• Thursday, Jan 5, 2017

    Carnegie Hall Community and Family Programs February and March 2017 Calendar

    Free Neighborhood Concerts presented by Carnegie Hall’s Weill Music Institute continue in February and March with vocal recitals, Afrobeat grooves, and Bollywood music in Manhattan, classical and reggae music in the Bronx, and Japanese taiko drumming in Queens. The series, now in its 41st year, brings established mainstage artists as well as rising stars of jazz, pop, and world music to communities throughout New York City.

    Children and their families can also enjoy free, interactive Carnegie Kids concerts by Polygraph Lounge, a duo that uses an unusual collection of handmade instruments to create original songs about the sounds all around us. The Carnegie Kids series is designed to inspire the imaginations and encourage the innate creativity of young children through music and play.


    Sunday, March 26 at 12:00 p.m.
    Sunday, March 26 at 2:00 p.m.
    Resnick Education Wing

    Polygraph Lounge’s unusual collection of handmade instruments and original songs about the sounds all around you make for a fun show for the entire family. Kids will also have the chance to try out the duo’s instruments in an interactive sound playground.


    Friday, February 3 at 7:30 p.m.
    Bronx Museum of the Arts
    1040 Grand Concourse (at 165th Street) | Bronx

    Brooklyn-based world roots band Brown Rice Family is a high-energy, nine-member ensemble that combines an eclectic mix of musical influences that encompass reggae, hip-hop, Brazilian, Afrobeat, jazz, rock, Latin, and funk. With members hailing from all over the world, Brown Rice Family draws on its diverse backgrounds to create a colorful, rhythm-driven, and highly danceable sound. This performance features new works written and performed by youth in collaboration with Brown Rice Family as part of Carnegie Hall’s Musical Connections program, as well as special guest Emeline Michel.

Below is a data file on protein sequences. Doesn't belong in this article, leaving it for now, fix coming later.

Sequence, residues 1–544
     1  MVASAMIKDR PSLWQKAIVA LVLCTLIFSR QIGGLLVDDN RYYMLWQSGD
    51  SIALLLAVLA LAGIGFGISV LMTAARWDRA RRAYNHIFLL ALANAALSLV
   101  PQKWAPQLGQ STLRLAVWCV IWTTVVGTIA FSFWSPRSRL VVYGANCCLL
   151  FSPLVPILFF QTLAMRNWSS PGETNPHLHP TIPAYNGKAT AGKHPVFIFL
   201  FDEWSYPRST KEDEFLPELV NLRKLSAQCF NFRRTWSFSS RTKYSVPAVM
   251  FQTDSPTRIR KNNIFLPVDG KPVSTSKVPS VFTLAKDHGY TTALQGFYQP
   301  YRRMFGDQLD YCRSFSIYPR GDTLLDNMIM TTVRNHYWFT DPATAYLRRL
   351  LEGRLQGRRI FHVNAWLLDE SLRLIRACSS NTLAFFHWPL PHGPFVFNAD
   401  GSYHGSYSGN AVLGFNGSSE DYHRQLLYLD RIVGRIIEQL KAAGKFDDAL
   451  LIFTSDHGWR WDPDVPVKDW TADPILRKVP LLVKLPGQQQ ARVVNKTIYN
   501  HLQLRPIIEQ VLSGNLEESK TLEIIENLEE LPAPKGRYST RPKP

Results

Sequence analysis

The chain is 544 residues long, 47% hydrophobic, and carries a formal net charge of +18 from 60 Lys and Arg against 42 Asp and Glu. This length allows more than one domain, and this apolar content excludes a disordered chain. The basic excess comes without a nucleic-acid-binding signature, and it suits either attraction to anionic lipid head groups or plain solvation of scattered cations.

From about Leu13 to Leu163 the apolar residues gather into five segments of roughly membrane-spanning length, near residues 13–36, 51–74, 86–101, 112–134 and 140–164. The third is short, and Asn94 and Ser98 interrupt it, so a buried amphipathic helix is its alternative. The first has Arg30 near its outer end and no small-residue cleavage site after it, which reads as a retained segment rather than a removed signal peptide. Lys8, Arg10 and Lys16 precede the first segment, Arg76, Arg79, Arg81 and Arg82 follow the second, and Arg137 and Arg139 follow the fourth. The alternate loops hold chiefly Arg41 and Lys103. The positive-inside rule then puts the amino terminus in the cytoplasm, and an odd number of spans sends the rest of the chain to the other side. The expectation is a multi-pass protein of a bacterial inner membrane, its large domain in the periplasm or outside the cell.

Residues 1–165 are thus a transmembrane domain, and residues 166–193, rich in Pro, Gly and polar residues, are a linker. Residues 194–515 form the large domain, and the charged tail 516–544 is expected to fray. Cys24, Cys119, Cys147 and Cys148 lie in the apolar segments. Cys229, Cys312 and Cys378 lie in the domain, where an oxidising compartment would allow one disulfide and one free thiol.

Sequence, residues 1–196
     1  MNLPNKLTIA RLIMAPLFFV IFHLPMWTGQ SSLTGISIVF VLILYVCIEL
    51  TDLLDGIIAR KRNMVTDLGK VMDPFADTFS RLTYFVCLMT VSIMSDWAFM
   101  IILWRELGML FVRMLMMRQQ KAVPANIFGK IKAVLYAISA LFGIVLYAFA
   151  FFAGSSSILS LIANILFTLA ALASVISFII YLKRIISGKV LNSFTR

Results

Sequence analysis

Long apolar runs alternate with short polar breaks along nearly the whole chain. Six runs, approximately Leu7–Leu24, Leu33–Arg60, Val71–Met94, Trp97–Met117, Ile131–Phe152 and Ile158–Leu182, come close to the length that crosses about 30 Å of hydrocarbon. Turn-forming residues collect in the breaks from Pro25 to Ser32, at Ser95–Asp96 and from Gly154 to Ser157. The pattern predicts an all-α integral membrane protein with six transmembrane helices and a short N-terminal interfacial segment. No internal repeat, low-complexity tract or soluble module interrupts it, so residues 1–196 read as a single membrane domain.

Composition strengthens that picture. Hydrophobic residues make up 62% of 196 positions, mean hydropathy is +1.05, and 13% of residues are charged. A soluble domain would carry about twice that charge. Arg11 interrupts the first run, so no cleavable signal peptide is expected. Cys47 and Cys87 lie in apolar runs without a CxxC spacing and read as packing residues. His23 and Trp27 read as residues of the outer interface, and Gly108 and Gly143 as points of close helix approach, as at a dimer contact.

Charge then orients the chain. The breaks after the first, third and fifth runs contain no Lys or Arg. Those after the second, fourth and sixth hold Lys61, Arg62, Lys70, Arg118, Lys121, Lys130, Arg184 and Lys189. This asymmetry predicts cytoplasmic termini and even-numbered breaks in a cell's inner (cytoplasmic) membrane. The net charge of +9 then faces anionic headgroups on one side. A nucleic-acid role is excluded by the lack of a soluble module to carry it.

Saturday, February 11 at 5:00 p.m.
    St. Michael's Church
    225 West 99th Street (at Amsterdam Avenue) | Manhattan

    Tenor Christopher Yoon has performed leading roles in operas by Mozart, Rossini, Stravinsky, and Britten. A graduate of The Juilliard School, Yoon is the winner of the Giulio Gari International Vocal Competition Encouragement Award, and was a finalist in the Jensen Foundation Vocal Competition. He has also performed at Music Academy of the West, where he took on the role of Remendado in Bizet’s Carmen. Yoon is joined by dynamic and versatile pianist Binna Han.

    This concert is part of the Marilyn Horne legacy at Carnegie Hall.

    Saturday, February 18 at 4:00 p.m.
    El Museo del Barrio
    1230 Fifth Avenue (at 104th Street) | Manhattan

    Brooklyn-based Antibalas’s funky sound is inspired by Fela Kuti’s Nigerian Afrobeat grooves with a healthy dose of American soul music and Latin dance beats. Every Antibalas concert is a spicy mix of funk and jazz, with rhythms propelled by drums, horn, guitar, and bass. With a name derived from the Spanish word meaning “bulletproof,” Antibalas’s “jumpy juju guitar rhythms, spiritual-ancestral Yoruban drum patterns, and emphatic call-and-response choruses” (Los Angeles Times) lift audiences out of their seats.


    Saturday, March 18 at 5:00 p.m.
    St. Michael's Church
    225 West 99th Street (at Amsterdam Avenue) | Manhattan